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Jan 11 2017

Cleaning Newport Beach Waters of Hazardous Debris

By Founder and President Kurt Lieber

Angels GateWow, has this been a wet year, or what? 2017 is starting off to be one of the rainiest years Southern California has had in recent history! But, rain or shine, you can count on ODA to deliver: marine debris that is….

On Sunday, January 8th, we saw a window of opportunity in between rain storms and headed out of Los Angeles Harbor towards an artificial reef about three miles off the coast of Newport Beach, CA. This reef was created by California's Department of Fish & Wildlife using all manmade objects, and once made, the site's location was made public which attracted a lot of fishermen.

Despite the storms we’ve been having, the seas were like glass, and we made the 16-mile journey in just over an hour.

Returning to a Special Place

When we arrived at our destination there were several fishing boats there, all with poles in the water. So, we had to maneuver around them to find a safe place for our divers to descend and do their work. Various members of our team have visited this site multiple times over the last couple months, and we were here  have seen the build-up of nets, traps, lines, anchors, and other deadly derelict fishing gear all over this artificial reef.

View from Newport Beach waters back to mountains

The reason we are focusing on this area is because it is a breeding ground for two types of rare fish: giant sea bass and white sea bass. Both species can grow to several hundred pounds…if left alone.

LegaSea Boat & Dive Crew

We had five of our divers ready to jump in as soon as we reached the site and dropped anchor: Kevin Augarten, Kim Cardenas, Bill Maley, Walter Marti (underwater video), and Jim McKeeman.

ODA Volunteer Boat and Dive Crew before dive to remove debris

The dive support team consisted of Linda Blanchard (topside photography), Brooke LaDuceur, Jim Lieber, and myself.

Deadly Trap and Net Must Go

Jim McKeeman and Bill jumped in first, dropped down to 90 feet, and sent a floating marker to the surface as soon as they found some net to remove. We did this in order to maximize the time that Kevin and Kim would have to work on attaching lift bags to the net, cutting it away from the areas it had been entangled in, and then filling the bags with air to float the mass to the surface. Because of the depth, the divers can only spend about 30 minutes down there before they have to surface.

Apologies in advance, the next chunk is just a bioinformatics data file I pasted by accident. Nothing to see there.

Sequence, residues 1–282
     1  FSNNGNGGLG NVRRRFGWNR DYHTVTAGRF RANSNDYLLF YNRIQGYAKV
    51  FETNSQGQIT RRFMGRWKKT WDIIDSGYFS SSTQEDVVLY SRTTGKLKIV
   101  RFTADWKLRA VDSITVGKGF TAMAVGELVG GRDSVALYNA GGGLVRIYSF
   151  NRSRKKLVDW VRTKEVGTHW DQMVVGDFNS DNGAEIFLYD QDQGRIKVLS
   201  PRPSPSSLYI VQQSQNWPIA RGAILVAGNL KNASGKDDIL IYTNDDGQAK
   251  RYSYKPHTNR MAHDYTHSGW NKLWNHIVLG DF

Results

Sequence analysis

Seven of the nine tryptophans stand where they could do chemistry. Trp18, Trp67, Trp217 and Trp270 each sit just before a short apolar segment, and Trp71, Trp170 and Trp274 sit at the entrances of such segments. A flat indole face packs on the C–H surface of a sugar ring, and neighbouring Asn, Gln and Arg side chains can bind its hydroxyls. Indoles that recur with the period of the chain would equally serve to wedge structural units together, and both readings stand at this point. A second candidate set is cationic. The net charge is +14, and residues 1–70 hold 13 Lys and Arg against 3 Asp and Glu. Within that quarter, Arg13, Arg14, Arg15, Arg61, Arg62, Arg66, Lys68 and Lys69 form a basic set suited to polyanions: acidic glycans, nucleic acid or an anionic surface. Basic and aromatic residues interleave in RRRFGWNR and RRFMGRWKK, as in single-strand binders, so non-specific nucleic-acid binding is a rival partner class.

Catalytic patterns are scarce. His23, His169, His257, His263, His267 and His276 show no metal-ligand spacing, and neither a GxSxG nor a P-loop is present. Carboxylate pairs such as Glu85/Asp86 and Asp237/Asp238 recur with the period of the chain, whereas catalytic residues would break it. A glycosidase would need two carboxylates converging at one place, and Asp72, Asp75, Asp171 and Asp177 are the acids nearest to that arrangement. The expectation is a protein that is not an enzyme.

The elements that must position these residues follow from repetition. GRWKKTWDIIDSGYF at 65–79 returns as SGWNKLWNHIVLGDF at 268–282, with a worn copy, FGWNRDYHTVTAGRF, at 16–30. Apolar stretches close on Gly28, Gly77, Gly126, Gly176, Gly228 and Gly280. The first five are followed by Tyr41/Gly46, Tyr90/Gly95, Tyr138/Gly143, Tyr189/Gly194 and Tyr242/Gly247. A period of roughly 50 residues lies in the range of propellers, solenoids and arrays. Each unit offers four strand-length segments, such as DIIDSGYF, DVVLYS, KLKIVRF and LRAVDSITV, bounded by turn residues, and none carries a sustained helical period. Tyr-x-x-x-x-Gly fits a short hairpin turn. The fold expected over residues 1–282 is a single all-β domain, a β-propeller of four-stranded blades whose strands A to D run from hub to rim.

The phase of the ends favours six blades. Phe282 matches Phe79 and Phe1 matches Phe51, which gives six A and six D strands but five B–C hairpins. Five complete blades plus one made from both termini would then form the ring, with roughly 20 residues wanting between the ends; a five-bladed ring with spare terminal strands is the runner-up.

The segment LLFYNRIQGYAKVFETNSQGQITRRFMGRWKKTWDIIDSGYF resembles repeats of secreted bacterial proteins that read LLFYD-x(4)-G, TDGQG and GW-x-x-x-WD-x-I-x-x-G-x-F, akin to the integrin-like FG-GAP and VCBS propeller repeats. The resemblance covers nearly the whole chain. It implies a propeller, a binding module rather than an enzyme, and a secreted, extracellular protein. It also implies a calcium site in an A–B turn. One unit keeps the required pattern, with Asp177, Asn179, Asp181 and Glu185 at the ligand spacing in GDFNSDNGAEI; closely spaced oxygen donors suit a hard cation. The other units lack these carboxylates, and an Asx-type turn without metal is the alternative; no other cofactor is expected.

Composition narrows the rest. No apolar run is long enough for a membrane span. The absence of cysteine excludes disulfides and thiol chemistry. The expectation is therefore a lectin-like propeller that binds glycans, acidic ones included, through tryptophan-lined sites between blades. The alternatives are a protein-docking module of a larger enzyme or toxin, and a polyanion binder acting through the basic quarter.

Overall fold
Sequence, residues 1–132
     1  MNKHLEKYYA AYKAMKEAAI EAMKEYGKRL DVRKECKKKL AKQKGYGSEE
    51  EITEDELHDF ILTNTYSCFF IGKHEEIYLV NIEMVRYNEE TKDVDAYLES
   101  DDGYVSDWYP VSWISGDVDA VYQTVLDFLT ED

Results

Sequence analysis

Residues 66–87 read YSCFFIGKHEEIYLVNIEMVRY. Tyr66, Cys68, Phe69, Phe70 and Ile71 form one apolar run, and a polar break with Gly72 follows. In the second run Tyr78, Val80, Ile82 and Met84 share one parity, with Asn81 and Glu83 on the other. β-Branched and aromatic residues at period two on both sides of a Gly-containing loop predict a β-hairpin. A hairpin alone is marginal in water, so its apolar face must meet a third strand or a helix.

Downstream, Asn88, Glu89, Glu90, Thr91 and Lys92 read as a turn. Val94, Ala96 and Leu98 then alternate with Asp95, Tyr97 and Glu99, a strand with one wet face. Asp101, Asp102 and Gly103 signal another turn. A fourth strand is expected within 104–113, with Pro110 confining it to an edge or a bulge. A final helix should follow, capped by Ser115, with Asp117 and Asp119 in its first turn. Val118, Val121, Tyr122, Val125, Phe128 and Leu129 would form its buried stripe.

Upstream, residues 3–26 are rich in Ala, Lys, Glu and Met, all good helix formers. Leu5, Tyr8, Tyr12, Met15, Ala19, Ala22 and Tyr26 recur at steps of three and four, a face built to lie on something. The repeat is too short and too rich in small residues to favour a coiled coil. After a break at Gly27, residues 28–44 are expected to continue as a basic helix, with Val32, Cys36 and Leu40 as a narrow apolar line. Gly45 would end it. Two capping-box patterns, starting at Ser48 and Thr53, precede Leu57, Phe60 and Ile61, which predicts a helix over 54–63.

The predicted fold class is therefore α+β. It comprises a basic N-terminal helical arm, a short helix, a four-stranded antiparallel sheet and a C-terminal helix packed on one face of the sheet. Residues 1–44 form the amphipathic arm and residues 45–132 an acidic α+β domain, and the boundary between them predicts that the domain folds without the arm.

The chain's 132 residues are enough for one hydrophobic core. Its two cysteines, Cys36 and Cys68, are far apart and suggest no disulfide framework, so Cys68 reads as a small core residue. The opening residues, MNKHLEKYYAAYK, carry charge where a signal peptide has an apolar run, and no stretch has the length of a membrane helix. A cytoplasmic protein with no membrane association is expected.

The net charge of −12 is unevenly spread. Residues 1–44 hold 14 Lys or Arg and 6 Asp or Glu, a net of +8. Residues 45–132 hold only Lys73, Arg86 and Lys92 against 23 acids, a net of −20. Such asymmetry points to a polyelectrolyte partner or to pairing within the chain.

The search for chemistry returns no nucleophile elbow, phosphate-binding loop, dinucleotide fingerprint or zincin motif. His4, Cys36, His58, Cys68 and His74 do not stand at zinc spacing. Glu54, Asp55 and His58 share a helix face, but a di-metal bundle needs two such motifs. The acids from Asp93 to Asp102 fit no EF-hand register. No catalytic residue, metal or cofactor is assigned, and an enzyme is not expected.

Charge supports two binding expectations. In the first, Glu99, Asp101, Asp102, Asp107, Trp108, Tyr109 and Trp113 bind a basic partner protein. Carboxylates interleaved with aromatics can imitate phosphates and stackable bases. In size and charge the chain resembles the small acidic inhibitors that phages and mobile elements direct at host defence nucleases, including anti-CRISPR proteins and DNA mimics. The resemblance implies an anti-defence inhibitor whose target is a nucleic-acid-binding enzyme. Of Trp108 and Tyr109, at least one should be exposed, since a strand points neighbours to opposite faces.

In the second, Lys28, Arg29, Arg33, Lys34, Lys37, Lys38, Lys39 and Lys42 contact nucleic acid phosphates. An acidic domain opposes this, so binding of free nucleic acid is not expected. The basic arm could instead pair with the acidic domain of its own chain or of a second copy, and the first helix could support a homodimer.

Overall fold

ODA Volunteer scuba diver Bill with sea lion Ocean Defender with lift bags and sea lion Lift bags being filled to haul debris to surface

Within 15 minutes we had lift bags popping up all around our boat. Brooke and Jim launched the RIB (rigid inflatable boat).

ODA Debris lIft bags w sea lion Volunteers Brooke and Jim retrive debris lift bags

Soon they were rounding up the bags and dragging them--along with the lobster trap and squid net attached to them--through the water, back to the LegaSea.

After all the divers were aboard, we hauled all the debris onto the front deck.

ODA Boat Crew pulls abandoned lobster trap towards deck with davit Ghost gear (trap) on davit coming up to deck

More Debris Out of Harm's Way

After an hour “surface interval” (dive speak for a break at the surface to release nitrogen), Jim McKeeman, Bill, and Walter headed back down for another round of locating and removing as much of this discarded fishing gear as possible.

ODA Volunteers in RIB retrieving abandoned fishing gear ODA Divers with retrieved nets on dive step

Within a few minutes, the Dive Team had sent five more lift bags to the surface, which prompted Brooke and Jim to “do their thing” and deliver the spoils to the LegaSea. A second abandoned lobster trap along with another mass of squid net would no longer plague the local (and sometimes rare) wildlife.

Visits from Marine Wildlife

On the way back to port, the divers regaled us with tales of giant sea bass seen, but the big fish were too elusive for Walter to get images of them. Bill said one of them was probably five feet long. Talk about a BIG fish story! Bill is not one to exaggerate, so we all felt good that we were helping to keep this habitat free from any chance of entanglement and slow death!

Sea Lion follows ODA SCUBA divers

During our entire time at the site, there were several sea lions frolicking all around our boat! The sea lions were keeping our Dive Team company while they cleaned up the animals’ home waters. [Be sure to enlarge the picture just above and see the adorable, curious sea lion following our ODA SCUBA divers!].

Along the way back home, we all marveled at the sight of flat seas, alive with diving sea birds, sea lions hunting, dolphins bow riding, and snow on the distant mountains. Southern California at its finest.

Ocean Defender Crew with recovered traps and net

In all, to add to our earlier “take”, we removed two lobster traps and about 200 pounds of nasty and dangerous squid net. We also got one anchor with its chain and lots of great pictures (thank you Linda!).

Great start to what is certainly going to be a busy year for us!

Thank you for being part of defending oceanlife and habitat when you make a financial contribution.

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ODA eliminates dangerous man-made debris which pose serious threats to ocean wildlife and habitats.

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